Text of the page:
Premature Labour and Delivery

In twin pregnancies, preterm labour and delivery is the most prevalent problem. Preterm birth is the delivery of a baby before 37 weeks of gestation. Twin pregnancies average 36 weeks long.

Twin pregnancy and assisted reproductive technology are related to an increased risk of preterm labour and delivery. One research revealed that more than 50% of twin births were premature, compared to just 10% of single births.

Preterm birth complications depend on how early the infants are born. The sooner an infant is born, the greater the danger of difficulties. Examples include:

  • Immature lungs
  • Respiratory stress disorder
  • Apnea and bradycardia are present
  • Infection
  • Jaundice
  • Pneumonia
  • Incapability to maintain body temperature

Intrauterine Limitation of Growth

Intrauterine growth restriction (IUGR), or small for gestational age (SGA), is a problem when one or more of your infants are not developing normally. This syndrome might result in kids being born preterm or with low birth weight. This condition affects almost 50% of pregnancies with more than one child.

Your healthcare practitioner will monitor your pregnancy for IUGR, often by ultrasound, to ensure that your baby’s growth is on track. IUGR-born infants are at greater risk for:

  • Birth via Caesarean section
  • Anoxia (lack of oxygen when a baby is born)
  • Meconium aspiration, which occurs when a newborn consumes a portion of the first stool
  • Hypoglycemia (low blood sugar)
  • Polycytosis (increased number of red blood cells)
  • Extreme viscosity (decreased blood flow due to an increased number of red blood cells)
  • Motor and neurological disabilities

Your medical professional may treat IUGR with the following:

  • Ultrasound monitoring regularly
  • Monitoring foetal movement
  • Corticosteroid medications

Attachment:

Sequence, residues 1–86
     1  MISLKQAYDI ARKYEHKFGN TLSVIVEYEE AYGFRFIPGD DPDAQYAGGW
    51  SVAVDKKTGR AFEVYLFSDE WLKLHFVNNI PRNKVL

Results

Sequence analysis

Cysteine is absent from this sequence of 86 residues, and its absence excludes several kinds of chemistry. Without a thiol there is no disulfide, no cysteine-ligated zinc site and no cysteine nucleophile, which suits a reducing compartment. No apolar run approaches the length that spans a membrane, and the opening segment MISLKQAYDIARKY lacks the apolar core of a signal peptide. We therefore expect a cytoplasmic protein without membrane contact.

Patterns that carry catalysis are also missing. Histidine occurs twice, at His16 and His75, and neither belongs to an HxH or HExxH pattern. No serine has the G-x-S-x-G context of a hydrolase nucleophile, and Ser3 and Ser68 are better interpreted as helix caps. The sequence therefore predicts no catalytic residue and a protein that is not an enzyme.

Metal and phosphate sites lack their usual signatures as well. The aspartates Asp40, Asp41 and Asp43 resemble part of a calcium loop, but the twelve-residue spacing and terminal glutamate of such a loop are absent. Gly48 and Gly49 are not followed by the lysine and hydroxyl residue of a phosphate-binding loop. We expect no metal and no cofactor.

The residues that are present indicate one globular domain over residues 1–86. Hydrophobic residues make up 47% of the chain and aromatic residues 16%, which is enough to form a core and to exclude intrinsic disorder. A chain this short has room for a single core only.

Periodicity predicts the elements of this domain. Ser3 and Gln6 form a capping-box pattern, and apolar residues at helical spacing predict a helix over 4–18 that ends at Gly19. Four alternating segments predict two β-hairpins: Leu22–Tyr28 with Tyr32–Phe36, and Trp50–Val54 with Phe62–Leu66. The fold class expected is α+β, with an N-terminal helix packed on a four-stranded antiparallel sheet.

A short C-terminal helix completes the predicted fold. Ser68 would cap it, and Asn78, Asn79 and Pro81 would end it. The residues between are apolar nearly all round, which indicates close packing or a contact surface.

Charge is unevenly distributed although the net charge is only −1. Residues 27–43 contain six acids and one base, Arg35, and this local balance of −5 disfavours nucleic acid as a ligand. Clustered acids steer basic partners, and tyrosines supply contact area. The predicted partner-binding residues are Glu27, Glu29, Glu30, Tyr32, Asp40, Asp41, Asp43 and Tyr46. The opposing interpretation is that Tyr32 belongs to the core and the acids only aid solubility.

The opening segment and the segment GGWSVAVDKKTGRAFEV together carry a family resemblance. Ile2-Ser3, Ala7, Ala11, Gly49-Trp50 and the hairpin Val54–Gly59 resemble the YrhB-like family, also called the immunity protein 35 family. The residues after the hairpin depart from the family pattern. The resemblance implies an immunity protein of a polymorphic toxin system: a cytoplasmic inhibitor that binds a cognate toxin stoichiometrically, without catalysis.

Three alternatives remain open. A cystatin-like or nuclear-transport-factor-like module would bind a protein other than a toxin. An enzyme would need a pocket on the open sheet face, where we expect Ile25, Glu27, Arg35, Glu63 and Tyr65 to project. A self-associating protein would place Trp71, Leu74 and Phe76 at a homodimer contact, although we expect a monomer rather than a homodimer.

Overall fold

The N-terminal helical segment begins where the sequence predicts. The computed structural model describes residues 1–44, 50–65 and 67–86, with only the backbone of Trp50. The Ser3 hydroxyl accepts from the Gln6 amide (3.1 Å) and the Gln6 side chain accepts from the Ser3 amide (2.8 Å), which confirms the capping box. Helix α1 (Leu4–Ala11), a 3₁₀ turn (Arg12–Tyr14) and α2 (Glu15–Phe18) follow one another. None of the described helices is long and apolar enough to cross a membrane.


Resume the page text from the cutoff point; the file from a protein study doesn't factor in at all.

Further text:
• Hospitalisation
  • Sometimes, preterm birth and emergency C-section may be required

Often, the timing of delivery for a woman with IUGR will depend on the following:

  • Age at conception
  • Foetal well-being
  • Quantity of amniotic fluid


Preeclampsia occurs when a pregnant woman gets high blood pressure and protein in her urine. Preeclampsia is more likely to occur in twin pregnancies. It may also arise early and be more severe in repeated pregnancies.

Does Preeclampsia Disappear Following Delivery?

Preeclampsia often begins after 20 weeks of pregnancy or after delivery. Typically, this issue heals soon after delivery.

Preeclampsia may cause harm to several organs, most frequently:

  • Kidneys
  • Liver
  • Brain
  • Eyes

Additionally, preeclampsia can:

  • Endanger a baby’s health
  • Cause placental abruption
  • Result in a low birth weight

Cause premature delivery

When preeclampsia arises during pregnancy, the babies may need to be delivered early, even if they are not quite a full term, due to the associated dangers to the mother and infants.

Preeclampsia symptoms include:

  • Headaches
  • Unclear vision
  • Seeing black patches in your eyesight
  • Right abdominal discomfort
  • Rapid enlargement of the hands and face (edema)
  • Rapid weight gain

Before pregnancy, you may reduce your risk of preeclampsia by keeping a healthy weight, exercising, and eating a balanced diet. By your healthcare provider’s advice, all of these actions become even more vital throughout pregnancy.

After 12 weeks of pregnancy, the U.S. Preventive Services Task Force advises high-risk women to take 81 mg of daily low-dose aspirin to help avoid preeclampsia.

Despite adopting protective steps, some women still develop preeclampsia. Women with preeclampsia, particularly those expecting twins, must be closely monitored by a medical professional due to the possibility of severe consequences.

Low foetal weight

Low birth weight is a frequent consequence of twin pregnancies since many twin pregnancies result in premature births. A newborn with low birth weight weighs less than 5 pounds and 8 ounces at delivery.